Grosberg had never considered becoming a scientist, let alone a marine biologist. Sure, he bodysurfed and was enamored with the ocean, so much so that his mother encouraged him to become the next Jacques Cousteau. But Grosberg’s seafaring temperament was more like Charles Darwin’s—they both suffered from seasickness. 

“I really knew nothing much about biology or evolution, but something clicked when we read 'Adaptation and Natural Selection: A Critique on Some Current Evolutionary Thought' by George C. Williams in a freshman seminar,” said Grosberg.

The book made Grosberg realize evolution by natural selection was one of humankind’s most important ideas. It resonated with him, evoking memories of the intertidal creatures he encountered throughout his youth.

“Until then, I never considered a career as a biologist, but I began to realize it might be the only thing I could do,” said Grosberg.

He signed up for classes like oceanography, paleontology, embryology and invertebrate biodiversity and started thinking more about the fundamental differences between marine ecosystems and land-based ecosystems.

“What are the implications for ecological and evolutionary processes that are different in the ocean than they are in land systems?” said Grosberg. “I’ve really devoted my career in various ways to trying to understand how ecological and evolutionary processes differ on land, in the air, and in the sea, and how marine organisms and their offspring move around oceans, how connected populations are and how capable and over what spatial and temporal scales marine organisms are able to adapt to variation in their biotic and physical environments.”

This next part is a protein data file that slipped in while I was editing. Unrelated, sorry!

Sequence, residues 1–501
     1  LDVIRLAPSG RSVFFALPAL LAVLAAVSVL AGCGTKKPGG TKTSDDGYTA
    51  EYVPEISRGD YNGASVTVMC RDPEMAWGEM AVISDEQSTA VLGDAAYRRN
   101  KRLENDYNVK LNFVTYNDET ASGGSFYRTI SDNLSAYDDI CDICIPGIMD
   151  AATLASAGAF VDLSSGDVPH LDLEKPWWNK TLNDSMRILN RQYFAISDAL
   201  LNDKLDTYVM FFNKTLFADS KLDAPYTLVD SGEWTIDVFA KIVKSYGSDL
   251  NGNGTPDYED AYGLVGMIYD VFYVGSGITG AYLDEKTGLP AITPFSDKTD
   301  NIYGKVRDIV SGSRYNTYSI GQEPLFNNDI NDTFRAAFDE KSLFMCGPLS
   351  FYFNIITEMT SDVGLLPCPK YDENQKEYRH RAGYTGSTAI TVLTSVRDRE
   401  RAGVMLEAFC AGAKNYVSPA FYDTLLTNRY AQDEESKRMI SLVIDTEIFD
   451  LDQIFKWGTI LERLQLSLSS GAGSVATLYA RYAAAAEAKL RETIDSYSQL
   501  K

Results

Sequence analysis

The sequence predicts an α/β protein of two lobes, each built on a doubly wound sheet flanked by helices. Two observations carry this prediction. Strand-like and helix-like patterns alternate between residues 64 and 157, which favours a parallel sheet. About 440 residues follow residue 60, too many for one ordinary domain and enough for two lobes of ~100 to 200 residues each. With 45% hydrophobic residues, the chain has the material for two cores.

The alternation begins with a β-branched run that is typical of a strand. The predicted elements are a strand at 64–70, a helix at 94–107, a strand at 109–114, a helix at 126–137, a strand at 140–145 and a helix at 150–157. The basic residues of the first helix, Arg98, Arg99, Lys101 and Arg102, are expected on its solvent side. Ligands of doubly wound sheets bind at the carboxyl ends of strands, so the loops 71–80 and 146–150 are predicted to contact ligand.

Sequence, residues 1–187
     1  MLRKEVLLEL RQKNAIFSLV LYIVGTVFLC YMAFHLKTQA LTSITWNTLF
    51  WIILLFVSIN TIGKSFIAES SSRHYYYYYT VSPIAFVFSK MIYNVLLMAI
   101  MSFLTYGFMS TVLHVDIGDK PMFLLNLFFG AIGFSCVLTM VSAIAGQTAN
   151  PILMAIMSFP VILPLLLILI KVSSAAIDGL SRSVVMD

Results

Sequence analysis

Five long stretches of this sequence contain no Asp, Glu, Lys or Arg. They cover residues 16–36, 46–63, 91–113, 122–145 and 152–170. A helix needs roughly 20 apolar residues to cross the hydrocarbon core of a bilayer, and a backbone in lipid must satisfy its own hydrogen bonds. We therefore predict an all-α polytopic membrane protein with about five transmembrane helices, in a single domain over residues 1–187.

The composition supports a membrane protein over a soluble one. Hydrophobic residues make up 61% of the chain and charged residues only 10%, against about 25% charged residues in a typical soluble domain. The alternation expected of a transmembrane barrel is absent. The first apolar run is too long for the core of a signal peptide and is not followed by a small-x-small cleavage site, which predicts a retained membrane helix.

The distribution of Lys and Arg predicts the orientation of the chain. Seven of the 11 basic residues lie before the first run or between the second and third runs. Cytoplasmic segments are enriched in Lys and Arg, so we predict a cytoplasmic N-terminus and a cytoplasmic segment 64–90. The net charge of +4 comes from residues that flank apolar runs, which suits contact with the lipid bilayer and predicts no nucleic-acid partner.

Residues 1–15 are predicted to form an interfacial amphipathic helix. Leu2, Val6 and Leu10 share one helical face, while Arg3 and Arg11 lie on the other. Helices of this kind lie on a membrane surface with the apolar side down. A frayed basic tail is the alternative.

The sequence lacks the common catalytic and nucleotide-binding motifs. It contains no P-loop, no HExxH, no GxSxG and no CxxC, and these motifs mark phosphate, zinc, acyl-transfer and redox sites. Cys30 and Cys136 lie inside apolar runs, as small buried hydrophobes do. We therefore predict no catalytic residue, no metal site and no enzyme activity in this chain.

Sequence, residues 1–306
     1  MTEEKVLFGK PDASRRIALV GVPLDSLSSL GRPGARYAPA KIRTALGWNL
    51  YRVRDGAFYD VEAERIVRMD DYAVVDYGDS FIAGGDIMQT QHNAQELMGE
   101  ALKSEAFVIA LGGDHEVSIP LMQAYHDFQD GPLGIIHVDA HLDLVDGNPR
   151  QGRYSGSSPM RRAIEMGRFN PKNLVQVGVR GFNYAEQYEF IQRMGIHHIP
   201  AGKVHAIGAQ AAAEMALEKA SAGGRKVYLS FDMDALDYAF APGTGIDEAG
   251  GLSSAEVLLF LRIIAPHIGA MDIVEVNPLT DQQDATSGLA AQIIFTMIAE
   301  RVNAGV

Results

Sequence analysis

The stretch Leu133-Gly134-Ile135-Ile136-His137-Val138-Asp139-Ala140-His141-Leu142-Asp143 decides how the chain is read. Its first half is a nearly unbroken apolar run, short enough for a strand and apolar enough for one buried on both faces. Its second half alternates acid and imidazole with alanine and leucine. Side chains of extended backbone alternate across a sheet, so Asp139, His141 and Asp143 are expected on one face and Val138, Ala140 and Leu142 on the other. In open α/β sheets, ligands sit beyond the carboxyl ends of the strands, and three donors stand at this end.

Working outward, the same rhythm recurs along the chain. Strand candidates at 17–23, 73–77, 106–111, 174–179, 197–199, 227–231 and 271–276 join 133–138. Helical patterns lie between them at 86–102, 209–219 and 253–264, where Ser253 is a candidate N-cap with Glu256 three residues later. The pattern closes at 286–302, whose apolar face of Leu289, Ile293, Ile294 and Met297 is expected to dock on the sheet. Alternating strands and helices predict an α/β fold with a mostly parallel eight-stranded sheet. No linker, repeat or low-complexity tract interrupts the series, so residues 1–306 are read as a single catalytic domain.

In the spring of 1974, Grosberg signed up for an immersive, research-intensive course called “Problems in Marine Biology,” which was run by the Bodega Marine Laboratory. The enrollment was a last-minute decision and as a result, Grosberg missed out on student housing. Instead, he found a cabin that belonged to former UC Davis Chancellor Emil Mrak.

That spring in the “Mrak Shack” sealed Grosberg’s fate and—though he didn’t know it at the time—would ultimately bring him to UC Davis.    

In 1976, he graduated from UC Santa Cruz with a B.A. in Biology.      

Grosberg at the Mrak Shack
In 1974, Grosberg spent time studying at the Bodega Marine Laboratory while living in a cabin owned by former UC Davis Chancellor Emil Mrak. Grosberg returned to the site for the second photo in 2016. Courtesy photo

Deeply Darwinian